"This pill is like an imaginary meal," noted senior author Ronald Evans, director of Salk's Gene Expression Laboratory, in a release. "It sends out the same signals that normally happen when you eat a lot of food, so the body starts clearing out space to store it. But there are no calories and no change in appetite."


The new study, which now appears in Nature Medicine, showed that the compound can stop weight gain, lower cholesterol, control blood sugar, and minimize inflammation in mice.


More from the Salk Institute:

Evans' laboratory has spent nearly two decades studying the farensoid X receptor (FXR), a protein that plays a role in how the body releases bile acids from the liver, digests food and stores fats and sugars. The human body turns on FXR at the beginning of a meal, Evans and others have shown, to prepare for an influx of food. FXR not only triggers the release of bile acids for digestion, but also changes blood sugar levels and causes the body to burn some fats in preparation for the incoming meal.

Pharmaceutical companies aiming to treat obesity, diabetes, liver disease and other metabolic conditions have developed systemic drugs that activate FXR, turning on many pathways that FXR controls. But these drugs affect several organs and come with side effects. Evans wondered whether switching on FXR only in the intestines–rather than the intestines, liver, kidneys and adrenal glands all at once–might have a different outcome.

"When you eat, you have to quickly activate a series of responses all throughout the body," says Evans. "And the reality is that the very first responder for all this is the intestine."


The researchers believe that fexaramine works better in the intestines on account of the natural order in which the body's molecular pathway typically responds to incoming calories. A good analogy is a relay race in which every runner starts at the time time. By targeting the intestines, the metabolic response can commence in a natural order.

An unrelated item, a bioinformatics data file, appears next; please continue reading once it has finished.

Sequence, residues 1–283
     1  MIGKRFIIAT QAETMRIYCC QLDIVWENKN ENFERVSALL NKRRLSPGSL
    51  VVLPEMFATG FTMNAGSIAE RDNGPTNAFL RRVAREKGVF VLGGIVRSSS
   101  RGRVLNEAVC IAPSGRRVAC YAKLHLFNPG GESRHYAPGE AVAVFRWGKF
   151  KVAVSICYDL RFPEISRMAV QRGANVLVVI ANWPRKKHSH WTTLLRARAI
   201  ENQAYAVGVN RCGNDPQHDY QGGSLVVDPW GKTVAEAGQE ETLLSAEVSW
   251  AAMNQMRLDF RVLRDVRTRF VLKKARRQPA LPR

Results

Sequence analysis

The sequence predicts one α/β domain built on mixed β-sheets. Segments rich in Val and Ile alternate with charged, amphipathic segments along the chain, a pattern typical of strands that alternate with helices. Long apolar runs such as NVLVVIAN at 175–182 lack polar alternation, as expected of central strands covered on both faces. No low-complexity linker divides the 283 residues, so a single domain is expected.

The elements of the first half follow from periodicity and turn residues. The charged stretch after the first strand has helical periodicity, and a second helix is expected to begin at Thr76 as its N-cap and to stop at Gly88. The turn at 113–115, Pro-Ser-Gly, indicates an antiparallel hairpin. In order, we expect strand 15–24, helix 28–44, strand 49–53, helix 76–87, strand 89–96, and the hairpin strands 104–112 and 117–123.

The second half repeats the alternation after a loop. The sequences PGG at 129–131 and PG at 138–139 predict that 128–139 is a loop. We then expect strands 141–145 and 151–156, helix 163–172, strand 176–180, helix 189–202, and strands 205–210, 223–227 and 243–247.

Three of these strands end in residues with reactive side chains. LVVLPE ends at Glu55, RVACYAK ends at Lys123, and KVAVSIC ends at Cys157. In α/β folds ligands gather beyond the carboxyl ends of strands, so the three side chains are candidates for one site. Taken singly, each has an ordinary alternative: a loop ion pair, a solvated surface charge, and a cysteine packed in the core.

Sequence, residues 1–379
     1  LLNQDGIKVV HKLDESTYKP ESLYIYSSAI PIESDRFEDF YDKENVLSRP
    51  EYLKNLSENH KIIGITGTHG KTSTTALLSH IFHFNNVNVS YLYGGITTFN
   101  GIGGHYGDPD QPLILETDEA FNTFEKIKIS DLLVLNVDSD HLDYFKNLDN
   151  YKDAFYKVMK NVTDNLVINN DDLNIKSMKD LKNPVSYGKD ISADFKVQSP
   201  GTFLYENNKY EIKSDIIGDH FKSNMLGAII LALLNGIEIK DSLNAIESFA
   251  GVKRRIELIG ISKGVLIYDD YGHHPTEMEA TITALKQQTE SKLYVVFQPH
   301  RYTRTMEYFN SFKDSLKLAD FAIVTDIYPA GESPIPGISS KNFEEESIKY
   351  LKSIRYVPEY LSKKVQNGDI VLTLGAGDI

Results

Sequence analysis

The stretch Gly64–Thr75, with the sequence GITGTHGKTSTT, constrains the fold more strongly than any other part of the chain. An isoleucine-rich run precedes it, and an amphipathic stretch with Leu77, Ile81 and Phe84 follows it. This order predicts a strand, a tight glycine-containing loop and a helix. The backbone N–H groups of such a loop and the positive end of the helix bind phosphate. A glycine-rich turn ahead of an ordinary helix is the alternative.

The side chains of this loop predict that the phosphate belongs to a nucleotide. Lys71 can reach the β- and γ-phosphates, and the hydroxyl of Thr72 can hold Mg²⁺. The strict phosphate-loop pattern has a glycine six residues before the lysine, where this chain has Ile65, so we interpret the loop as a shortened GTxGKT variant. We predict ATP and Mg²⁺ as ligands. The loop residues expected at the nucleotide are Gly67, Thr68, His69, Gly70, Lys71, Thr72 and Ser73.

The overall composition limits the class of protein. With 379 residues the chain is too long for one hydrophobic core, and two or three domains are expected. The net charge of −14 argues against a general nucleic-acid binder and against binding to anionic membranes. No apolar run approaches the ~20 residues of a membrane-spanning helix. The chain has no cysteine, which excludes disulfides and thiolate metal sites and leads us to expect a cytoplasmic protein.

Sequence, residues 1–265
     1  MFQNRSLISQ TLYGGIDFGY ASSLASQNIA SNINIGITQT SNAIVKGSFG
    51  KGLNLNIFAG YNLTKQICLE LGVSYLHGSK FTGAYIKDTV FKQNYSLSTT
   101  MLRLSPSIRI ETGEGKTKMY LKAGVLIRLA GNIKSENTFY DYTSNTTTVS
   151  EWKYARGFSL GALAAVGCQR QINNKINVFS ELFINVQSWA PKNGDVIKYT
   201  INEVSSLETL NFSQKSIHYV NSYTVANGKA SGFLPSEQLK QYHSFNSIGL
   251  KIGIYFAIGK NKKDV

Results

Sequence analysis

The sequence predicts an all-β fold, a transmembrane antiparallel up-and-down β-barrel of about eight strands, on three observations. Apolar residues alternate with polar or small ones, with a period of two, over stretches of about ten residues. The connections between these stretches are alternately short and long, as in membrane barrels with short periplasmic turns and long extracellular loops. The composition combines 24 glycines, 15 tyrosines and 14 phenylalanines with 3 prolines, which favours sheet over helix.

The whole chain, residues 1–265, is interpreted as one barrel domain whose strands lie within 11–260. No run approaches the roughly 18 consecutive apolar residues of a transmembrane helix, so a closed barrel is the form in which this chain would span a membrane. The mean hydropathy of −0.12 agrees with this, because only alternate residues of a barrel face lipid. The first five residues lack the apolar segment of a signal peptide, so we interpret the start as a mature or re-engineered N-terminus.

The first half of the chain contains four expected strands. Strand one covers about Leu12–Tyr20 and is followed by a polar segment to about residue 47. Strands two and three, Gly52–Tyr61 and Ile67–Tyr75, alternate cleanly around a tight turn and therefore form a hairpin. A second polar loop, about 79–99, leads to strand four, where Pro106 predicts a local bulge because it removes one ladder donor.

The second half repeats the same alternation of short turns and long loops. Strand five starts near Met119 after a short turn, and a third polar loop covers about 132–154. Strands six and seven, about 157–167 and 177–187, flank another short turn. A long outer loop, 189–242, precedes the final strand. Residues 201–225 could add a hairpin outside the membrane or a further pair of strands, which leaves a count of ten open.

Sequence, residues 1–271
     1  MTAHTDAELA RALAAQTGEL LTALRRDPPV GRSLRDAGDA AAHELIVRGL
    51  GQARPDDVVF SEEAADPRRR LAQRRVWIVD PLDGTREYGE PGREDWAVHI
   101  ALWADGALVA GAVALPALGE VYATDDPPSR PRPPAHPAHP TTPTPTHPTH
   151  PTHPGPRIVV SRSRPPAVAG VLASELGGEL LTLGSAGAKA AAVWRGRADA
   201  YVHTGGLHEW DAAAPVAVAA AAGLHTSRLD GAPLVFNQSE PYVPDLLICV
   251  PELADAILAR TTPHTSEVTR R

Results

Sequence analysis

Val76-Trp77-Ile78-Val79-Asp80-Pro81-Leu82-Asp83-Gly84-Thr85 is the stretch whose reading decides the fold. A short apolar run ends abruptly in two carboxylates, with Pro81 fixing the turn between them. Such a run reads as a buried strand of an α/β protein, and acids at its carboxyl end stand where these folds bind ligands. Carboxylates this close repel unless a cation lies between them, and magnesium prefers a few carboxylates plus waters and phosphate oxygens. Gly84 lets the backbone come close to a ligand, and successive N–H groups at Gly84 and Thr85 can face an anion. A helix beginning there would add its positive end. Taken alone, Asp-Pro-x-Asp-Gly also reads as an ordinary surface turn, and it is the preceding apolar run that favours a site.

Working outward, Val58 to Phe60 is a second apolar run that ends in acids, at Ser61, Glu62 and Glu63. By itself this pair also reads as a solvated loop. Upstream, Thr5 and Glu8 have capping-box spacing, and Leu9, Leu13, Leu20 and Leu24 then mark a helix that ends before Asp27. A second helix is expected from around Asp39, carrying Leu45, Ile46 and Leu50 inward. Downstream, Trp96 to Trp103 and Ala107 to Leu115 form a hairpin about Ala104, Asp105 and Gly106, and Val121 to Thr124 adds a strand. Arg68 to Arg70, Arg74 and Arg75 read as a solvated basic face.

Certainly interesting! And clearly a promising alternative to other drugs and gastric bypass surgery. But we clearly need to temper our expectations before human studies are carried out. As noted in The Guardian:

Many drugs that work well in mice turn out to be far less effective in humans and fail to make it to market.

"We now know that our sense of 'fullness' after meals is largely dependent on hormones produced in specialised cells scattered along the gut. These cells sense the nutritional content of our food and send out those signals in response to digested and partially digested food. If we could fool those cells into thinking we have had a meal that could be a way of reducing people's food intake to produce safe weight loss," said Professor Sir Stephen O'Rahilly, director of the MRC metabolic diseases unit at Cambridge University.

"The authors of this paper show that a particular drug they have tested can do that in mice. While these are interesting observations, only a modest percentage of drugs that seem effective in mice ever make it into the clinic for patients," he added.

Nick Finer, a specialist in obesity medicine at UCL, said the work was "potentially of great importance to our basic understanding of how energy intake is balanced by energy expenditure, and potentially as to why this system is mismatched in those who gain – or lose – excessive weight.


You can find more details here and here.

Image and video: Salk Institute for Biological Studies.